Indexing Bob Cranky : social meaning and the voices of pitmen and keelmen in early nineteenth-century Tyneside song

HERMESTON, Rodney (2014). Indexing Bob Cranky : social meaning and the voices of pitmen and keelmen in early nineteenth-century Tyneside song. Victoriographies, 4 (2), 156-180.

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Link to published version:: 10.3366/vic.2014.0168

Abstract

This article examines the social meanings (indexical relations) of Tyneside dialect spoken by pitmen and keelmen in early nineteenth-century Tyneside dialect songs. I focus on the pitman Bob Cranky. Pieces about Bob and other pitmen and keelmen emerge from a song culture enjoyed by audiences of clerks, artisans, and shopkeepers. A debate emerged from the 1970s as to whether Bob is a subject of satire who could not appeal to a ‘working man’, or whether pitmen and keelmen derived self-celebration from him. Recently, the perspective of self-celebration has dominated. The songs, northern dialect literature more broadly, and dialect itself are said to promote communal values, regional, local, and ‘working-class’ solidarity, and populism. I show that pitmen and keelmen are most closely associated in the songs with non-standard spellings and with expletives. Employing a notion of dialogism, I argue that the meaning of the songs and the language attributed to pitmen or keelmen depends on the attitudes of audiences towards their behaviour, and towards nineteenth-century discourses of ‘respectability’ and ‘correct’ language. Bob and his speech may be the subjects of satirical mockery, resistance to respectability, or self-celebration. The material also has potential to convey labouring-class and regional solidarity.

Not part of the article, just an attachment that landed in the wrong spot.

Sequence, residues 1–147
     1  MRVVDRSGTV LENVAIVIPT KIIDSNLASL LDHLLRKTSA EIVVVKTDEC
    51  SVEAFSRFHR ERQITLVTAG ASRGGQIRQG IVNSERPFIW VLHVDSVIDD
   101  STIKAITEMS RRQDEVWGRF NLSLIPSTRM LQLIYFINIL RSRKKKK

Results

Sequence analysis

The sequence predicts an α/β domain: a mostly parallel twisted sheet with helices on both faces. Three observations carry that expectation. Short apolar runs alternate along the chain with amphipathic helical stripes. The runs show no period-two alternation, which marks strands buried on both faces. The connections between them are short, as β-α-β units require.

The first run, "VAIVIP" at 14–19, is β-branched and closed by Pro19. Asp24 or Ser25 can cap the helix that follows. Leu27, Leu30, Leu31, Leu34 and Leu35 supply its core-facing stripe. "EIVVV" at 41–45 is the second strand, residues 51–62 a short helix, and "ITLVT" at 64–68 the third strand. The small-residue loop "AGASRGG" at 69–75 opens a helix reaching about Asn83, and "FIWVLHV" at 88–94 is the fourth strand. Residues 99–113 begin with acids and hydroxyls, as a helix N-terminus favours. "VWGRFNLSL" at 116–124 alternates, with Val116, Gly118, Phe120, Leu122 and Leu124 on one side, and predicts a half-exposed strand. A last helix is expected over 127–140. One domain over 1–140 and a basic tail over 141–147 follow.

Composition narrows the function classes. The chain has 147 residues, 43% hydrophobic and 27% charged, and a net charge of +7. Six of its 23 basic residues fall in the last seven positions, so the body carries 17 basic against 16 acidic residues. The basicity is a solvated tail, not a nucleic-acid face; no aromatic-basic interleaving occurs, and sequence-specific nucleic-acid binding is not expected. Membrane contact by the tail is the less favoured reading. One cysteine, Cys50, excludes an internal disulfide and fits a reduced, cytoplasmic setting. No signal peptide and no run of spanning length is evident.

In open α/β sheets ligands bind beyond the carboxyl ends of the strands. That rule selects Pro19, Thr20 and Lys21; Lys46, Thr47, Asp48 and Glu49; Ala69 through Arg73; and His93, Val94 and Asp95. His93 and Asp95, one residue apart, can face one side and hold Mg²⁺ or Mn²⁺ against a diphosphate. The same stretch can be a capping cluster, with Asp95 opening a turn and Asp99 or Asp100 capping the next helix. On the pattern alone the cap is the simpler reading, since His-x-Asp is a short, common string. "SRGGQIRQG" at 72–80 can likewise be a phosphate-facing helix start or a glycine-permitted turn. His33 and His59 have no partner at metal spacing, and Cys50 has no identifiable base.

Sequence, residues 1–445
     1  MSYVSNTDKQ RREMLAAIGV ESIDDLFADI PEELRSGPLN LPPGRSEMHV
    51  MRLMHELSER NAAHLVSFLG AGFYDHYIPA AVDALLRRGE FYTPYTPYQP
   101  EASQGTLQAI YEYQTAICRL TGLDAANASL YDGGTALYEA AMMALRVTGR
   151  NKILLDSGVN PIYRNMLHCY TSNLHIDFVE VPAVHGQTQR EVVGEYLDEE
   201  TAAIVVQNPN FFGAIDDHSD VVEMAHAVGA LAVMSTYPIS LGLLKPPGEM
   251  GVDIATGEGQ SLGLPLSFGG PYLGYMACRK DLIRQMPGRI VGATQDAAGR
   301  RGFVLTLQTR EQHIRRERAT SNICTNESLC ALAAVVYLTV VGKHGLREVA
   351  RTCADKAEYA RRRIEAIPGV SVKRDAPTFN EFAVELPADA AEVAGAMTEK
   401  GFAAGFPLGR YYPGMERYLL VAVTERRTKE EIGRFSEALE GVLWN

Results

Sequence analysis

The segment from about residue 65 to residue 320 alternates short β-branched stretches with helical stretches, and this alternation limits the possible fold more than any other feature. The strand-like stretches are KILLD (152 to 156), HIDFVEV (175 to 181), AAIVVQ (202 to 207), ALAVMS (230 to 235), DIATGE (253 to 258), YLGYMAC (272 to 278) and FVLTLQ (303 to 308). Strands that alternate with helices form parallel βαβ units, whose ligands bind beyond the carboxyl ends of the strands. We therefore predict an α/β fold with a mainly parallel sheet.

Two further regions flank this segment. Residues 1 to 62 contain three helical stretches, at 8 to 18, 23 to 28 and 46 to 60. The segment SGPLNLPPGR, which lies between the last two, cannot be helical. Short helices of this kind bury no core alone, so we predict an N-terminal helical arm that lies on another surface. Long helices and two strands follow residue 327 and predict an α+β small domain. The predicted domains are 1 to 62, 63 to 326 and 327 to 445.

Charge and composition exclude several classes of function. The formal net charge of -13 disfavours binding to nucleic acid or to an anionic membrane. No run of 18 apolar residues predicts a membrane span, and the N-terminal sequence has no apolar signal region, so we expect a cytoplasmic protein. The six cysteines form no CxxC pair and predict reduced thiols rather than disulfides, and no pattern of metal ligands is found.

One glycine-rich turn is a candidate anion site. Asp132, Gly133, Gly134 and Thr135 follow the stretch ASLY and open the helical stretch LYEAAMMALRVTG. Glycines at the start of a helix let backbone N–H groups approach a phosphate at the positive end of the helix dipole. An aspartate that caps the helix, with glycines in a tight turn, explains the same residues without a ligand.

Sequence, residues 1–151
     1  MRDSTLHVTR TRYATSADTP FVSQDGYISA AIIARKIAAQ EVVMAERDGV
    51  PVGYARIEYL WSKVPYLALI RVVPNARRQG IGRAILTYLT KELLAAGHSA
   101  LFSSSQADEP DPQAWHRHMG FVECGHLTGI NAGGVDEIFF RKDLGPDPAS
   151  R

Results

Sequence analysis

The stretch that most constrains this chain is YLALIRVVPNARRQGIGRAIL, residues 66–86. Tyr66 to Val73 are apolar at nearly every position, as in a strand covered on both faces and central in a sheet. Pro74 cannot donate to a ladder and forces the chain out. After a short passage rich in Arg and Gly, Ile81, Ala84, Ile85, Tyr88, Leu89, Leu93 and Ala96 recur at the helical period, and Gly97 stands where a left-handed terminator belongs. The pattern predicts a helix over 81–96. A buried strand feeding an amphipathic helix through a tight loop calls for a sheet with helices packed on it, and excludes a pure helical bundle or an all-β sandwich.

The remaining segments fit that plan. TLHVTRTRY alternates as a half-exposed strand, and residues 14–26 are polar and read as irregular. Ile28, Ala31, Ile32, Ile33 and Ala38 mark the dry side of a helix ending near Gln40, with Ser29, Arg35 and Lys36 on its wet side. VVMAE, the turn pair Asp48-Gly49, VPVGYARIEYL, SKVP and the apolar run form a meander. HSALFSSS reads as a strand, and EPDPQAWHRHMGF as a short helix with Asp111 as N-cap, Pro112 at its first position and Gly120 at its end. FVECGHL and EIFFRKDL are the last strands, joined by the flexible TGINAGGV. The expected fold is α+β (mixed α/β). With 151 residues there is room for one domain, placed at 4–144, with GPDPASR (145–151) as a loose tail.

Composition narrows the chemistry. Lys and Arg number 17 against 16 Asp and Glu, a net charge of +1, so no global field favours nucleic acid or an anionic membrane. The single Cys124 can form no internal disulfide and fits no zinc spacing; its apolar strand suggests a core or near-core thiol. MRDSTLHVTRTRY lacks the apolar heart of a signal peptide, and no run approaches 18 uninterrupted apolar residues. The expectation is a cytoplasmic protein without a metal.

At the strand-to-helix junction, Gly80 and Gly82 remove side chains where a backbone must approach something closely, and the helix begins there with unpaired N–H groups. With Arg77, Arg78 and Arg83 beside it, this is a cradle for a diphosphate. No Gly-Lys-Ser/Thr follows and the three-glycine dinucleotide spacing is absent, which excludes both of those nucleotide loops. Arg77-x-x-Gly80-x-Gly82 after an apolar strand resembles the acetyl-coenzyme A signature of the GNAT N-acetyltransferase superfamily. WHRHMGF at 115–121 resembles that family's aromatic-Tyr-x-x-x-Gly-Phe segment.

Item Type: Article
Research Institute, Centre or Group: Humanities Research Centre
Identification Number: 10.3366/vic.2014.0168
Depositing User: Rodney Hermeston
Date Deposited: 30 Jun 2015 11:45
Last Modified: 20 Aug 2015 18:19
URI: http://shura.shu.ac.uk/id/eprint/10717

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